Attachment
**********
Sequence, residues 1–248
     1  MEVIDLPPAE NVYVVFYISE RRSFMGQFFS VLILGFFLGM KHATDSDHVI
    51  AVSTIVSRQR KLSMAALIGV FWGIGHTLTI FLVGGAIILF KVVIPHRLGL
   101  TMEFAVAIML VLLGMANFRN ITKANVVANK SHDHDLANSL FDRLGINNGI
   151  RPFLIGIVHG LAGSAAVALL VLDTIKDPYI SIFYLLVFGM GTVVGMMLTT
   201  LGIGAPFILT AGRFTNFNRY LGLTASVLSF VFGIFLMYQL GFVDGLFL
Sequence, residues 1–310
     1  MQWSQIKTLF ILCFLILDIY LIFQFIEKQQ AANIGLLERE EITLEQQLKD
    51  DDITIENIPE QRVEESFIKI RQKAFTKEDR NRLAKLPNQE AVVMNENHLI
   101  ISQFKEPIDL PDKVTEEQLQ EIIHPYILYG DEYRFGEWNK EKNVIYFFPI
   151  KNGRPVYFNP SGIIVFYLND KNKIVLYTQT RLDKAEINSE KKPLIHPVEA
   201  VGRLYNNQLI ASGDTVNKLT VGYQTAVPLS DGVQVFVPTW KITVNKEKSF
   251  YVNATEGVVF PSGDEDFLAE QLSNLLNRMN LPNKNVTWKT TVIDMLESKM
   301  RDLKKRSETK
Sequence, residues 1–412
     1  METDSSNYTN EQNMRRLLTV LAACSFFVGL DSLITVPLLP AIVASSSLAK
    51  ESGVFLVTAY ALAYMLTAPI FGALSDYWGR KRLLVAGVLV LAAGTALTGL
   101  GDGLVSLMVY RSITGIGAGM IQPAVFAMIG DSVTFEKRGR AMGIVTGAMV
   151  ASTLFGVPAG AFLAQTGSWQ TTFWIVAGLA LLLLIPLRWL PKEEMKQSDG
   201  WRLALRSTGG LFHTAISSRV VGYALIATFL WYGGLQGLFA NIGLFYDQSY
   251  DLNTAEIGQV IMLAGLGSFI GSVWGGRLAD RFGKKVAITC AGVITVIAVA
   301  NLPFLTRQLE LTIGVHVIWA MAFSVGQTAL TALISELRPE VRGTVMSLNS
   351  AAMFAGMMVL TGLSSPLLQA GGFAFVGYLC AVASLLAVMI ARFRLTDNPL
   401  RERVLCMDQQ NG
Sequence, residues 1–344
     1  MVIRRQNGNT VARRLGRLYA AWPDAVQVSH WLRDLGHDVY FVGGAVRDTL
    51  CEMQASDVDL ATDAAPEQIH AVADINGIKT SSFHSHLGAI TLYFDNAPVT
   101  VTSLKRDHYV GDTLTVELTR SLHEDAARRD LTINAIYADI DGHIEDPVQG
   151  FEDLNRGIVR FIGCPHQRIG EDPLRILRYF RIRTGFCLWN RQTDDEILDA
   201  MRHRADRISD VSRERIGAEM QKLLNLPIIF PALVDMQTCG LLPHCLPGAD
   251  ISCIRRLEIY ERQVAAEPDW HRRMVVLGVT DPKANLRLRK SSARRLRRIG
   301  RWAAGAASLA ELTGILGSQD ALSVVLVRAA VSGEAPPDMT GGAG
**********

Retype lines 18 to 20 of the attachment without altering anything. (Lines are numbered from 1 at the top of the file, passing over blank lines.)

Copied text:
   101  GDGLVSLMVY RSITGIGAGM IQPAVFAMIG DSVTFEKRGR AMGIVTGAMV
   151  ASTLFGVPAG AFLAQTGSWQ TTFWIVAGLA LLLLIPLRWL PKEEMKQSDG
   201  WRLALRSTGG LFHTAISSRV VGYALIATFL WYGGLQGLFA NIGLFYDQSY